Before the inspections, Pure installed 33 SBR’s along the pipeline that were used to track both inspection platforms as they travelled through the pipeline.
For the SmartBall tool launch, LHPWSS and Pure mobilized at the Lake Huron Water Treatment Plant early in the morning to minimize service interruption. A small portion of the pipeline was isolated and depressurized to allow for manual insertion of the SmartBall. Once the tool was in position, the pipeline was put back into service and the tool started travelling down the pipeline. After 47 kilometers, it was retrieved in the Arva Terminal Reservoir by commercial divers.
After a day off to prepare the PipeDiver inspection platform, Pure’s staff mobilized at the Lake Huron Water Treatment Plant for the EM condition assessment. The launch, tracking and retrieval of PipeDiver technology are very similar to SmartBall leak detection.
The SmartBall survey located three leaks and eight gas pockets. Upon verification, the leaks were found to match up with existing features, such as valves and laterals, meaning the Lake Huron Pipeline had no leaks. The gas pockets were verified and likely caused by shutting down and restarting the pumps to insert the inspection tools. These pockets are expected to release themselves throughout the natural transmission cycle.
The EM inspection with the PipeDiver platform identified 58 pipe sections with electromagnetic anomalies out of approximately 10,000 pipes inspected, resulting in a distress rate of 0.6 percent, which is much less than the industry average of 4 percent.
While the majority of Pipeline A was in good condition, the inspection showed that seven pipe sections had a relatively high level of distress. Of these seven pipes, two are located within a twinned section and therefore have a lower consequence of failure. The remaining five high distress pipes are located within 3.5 kilometers of each other and are in the same vicinity of the 2010 and 2012 failures.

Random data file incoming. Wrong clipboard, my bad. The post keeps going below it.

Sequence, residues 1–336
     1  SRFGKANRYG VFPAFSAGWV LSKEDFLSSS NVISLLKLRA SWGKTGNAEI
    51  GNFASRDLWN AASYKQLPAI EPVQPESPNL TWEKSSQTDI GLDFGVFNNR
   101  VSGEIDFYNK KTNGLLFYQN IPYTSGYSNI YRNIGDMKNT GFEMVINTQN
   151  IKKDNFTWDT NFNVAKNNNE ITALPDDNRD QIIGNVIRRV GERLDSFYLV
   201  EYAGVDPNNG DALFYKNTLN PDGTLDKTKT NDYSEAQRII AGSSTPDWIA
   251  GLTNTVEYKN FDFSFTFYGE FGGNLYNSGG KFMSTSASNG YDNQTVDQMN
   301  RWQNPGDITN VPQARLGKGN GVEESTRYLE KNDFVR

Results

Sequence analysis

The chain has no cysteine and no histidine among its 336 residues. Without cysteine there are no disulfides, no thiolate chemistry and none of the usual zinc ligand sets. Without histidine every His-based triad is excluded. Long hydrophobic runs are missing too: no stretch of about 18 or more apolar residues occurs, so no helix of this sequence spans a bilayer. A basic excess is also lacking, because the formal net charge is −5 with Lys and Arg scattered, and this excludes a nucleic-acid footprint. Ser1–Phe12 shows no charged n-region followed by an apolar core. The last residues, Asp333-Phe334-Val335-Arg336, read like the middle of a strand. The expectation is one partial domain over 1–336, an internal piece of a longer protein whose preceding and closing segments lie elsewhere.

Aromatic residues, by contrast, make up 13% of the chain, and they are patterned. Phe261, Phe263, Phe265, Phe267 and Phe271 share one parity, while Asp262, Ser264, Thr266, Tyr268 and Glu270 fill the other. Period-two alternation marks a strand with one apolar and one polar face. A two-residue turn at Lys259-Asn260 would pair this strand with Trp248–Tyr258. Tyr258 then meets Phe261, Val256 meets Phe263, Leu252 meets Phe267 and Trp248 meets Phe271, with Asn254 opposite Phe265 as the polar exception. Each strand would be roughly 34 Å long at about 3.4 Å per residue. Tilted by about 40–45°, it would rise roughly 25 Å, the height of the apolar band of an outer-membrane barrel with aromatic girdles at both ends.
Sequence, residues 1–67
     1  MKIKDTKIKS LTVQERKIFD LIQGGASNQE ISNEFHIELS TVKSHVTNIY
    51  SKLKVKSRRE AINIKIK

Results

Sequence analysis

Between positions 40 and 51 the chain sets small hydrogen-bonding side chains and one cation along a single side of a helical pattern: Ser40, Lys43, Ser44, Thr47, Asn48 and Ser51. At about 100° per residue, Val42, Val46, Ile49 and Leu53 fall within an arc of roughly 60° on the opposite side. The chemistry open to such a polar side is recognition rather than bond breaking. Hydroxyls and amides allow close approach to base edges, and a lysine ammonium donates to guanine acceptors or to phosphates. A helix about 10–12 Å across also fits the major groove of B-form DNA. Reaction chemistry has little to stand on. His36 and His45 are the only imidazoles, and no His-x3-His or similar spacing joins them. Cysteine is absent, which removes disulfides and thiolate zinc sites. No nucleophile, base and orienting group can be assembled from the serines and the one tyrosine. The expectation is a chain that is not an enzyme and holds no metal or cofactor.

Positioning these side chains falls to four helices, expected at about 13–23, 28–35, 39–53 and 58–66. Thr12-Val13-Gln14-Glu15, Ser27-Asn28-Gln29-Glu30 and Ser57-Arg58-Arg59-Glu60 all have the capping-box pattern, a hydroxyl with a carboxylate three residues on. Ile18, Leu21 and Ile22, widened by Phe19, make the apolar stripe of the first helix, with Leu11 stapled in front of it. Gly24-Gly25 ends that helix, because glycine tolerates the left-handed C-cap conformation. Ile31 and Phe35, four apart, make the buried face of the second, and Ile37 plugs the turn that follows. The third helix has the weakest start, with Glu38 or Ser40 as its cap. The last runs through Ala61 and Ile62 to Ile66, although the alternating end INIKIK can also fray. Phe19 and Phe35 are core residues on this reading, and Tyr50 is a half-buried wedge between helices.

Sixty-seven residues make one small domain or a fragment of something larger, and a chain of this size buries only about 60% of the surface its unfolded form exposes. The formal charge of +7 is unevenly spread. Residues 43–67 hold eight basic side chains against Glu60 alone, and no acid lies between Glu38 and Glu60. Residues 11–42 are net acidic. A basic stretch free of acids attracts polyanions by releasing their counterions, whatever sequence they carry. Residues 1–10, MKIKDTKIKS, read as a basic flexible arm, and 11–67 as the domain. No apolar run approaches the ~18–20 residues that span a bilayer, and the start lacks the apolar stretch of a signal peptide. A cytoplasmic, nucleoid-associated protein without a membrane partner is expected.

LHPWSS has verified and replaced the two most distressed pipes from the five that didn't have redundancy. The verification found that the pipe sections had longitudinal cracks in the mortar coating that spanned over half of the pipe, large corrosion areas centered amongst the cracks and scattered wire breaks throughout the corrosion areas.
Although Pipeline A is primarily in good shape, the identification of several high distressed pipe sections has allowed LHPWSS to proactively plan targeted rehabilitation to ensure the continued delivery of quality service and the prevention of a major pipeline failure. By determining the baseline condition of their entire primary large-diameter pipeline, LHPWSS now has a better understanding of the overall health of their system and can make informed decisions as they move forward with their pipeline management program.